Blood Flow Restriction (BFR) / Occlusion Training: What Is It?

Blood flow restriction training example

Blood Flow Restriction (BFR) / Occlusion Training: What Is It?

Most of us view our workouts as a break from our busy daily lives; a place where we can let go and work on ourselves.

At the same time, we want to see results as fast and as efficiently as possible – but how?

Blood flow restriction (BFR) training, also sometimes referred to as occlusion training, may certainly be the answer to this. Studies have now been carried out widely on an international scale leading sports scientists and highly respected Ph.D.’s to be more conclusive with regards to the benefits and overall potential of this new and upcoming way of training.

Origins and terminology

Actually, the idea behind BFR training isn't new but was first discovered in Japan back in the 1960’s by a man named Yoshiaki Sato, who would later become the inventor of the KAATSU training principle. Often you'll see three terms - occlusion training, blood flow restriction training, KAATSU training - being used interchangeably to describe the same thing, and there are indeed many similarities between these three forms of training, but technically there are some (slightly nerdy) differences between them.

How it works

The main idea of what we try to teach you guys about here is that by restricting (occluding) part of the blood flow from your extremity like your arm or leg back to your heart you cause a pooling of blood in your muscles along with increased levels of lactide acid which triggers a state of hypertrophy (muscle growth) by increasing the level of growth hormone from your brain.

The muscles react to the decrease in oxygen level caused by the restricted blood flow forcing them to work harder and fatiguing also the fast twitch (Type II) muscle fibres, which are the ones with the highest growth potential compared to the slow twitch ones (Type I).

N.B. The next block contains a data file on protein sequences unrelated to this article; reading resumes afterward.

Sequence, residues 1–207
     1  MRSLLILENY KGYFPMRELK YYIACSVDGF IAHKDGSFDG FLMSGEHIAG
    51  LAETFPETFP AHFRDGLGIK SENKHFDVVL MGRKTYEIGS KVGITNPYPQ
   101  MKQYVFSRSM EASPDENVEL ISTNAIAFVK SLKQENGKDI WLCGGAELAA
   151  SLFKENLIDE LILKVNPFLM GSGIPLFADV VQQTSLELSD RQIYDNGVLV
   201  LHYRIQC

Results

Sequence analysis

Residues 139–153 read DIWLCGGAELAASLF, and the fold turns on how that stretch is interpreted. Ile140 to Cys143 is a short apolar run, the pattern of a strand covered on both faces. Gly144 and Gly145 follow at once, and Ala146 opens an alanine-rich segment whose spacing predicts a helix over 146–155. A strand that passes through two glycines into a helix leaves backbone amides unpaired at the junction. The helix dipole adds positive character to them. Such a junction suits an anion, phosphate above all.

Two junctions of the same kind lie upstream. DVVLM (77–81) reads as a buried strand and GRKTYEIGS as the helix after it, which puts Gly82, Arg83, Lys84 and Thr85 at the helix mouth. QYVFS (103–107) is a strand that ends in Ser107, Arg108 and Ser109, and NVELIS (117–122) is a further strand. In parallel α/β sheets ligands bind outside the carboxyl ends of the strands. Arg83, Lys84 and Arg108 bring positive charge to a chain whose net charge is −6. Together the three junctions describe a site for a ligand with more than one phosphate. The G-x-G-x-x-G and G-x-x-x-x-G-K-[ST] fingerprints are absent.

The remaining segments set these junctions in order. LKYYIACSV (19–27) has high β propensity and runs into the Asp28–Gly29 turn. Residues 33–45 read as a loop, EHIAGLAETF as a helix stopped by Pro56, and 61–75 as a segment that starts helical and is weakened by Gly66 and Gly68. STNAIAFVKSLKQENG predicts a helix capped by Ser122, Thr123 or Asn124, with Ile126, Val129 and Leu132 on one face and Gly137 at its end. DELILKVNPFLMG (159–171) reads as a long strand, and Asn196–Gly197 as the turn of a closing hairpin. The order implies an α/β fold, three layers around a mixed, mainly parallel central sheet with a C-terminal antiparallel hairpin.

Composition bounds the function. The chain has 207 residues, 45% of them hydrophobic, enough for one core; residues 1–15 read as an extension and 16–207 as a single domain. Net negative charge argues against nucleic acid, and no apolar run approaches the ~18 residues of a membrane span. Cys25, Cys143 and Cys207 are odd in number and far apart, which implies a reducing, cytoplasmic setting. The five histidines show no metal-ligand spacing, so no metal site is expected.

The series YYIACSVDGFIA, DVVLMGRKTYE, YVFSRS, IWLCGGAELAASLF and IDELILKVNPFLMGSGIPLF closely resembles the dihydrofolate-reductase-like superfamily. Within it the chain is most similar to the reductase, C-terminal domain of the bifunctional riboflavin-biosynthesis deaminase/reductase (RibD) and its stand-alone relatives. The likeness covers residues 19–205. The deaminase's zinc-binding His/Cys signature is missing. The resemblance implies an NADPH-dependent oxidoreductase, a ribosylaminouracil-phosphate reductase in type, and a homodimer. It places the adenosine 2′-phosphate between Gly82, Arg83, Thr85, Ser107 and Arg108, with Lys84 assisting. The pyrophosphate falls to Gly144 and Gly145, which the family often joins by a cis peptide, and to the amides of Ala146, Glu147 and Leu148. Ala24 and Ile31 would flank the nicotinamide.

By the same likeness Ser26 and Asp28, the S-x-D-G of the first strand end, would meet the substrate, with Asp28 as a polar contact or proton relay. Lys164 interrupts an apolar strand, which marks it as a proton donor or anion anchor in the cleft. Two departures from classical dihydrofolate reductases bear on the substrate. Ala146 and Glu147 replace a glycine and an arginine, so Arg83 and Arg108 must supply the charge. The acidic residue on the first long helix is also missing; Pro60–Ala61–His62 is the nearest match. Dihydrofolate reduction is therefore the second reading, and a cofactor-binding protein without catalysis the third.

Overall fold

The best part is that you should only do your sets using between 20-50% of your 1RM (meaning 20-50% of what you can lift one time only) in weights.

This means that your joints and ligaments - well, your whole body in the long run – will thank you for taking away large parts of the stress that traditional heavy lifting causes.

Therefore, BFR training is an amazing supplement to traditional training but has also proven to be a very powerful tool in injury prevention and during rehabilitation. If you'd like to dig in to the physiological details about what goes on in your body during a BFR workout, check out this post by our guest blogger and BfR Pro ambassador James Ruckley. (Also, if you'd like to be an ambassador for us yourself, don't hesitate to contact us!).

In other words, BFR training is intelligent training where you trigger your body to naturally produce more out of less. "Simple concept, intelligent training", as we put it.

Here at BfR Professional, we want you to reach your physical goals faster and more efficiently, and we can’t wait to be part of your journey towards a fitter, stronger you. 

Link on types of muscle fibres for further inspiration:

Take it to the next level!

Team BfR Professional




Lars Thorn
Lars Thorn


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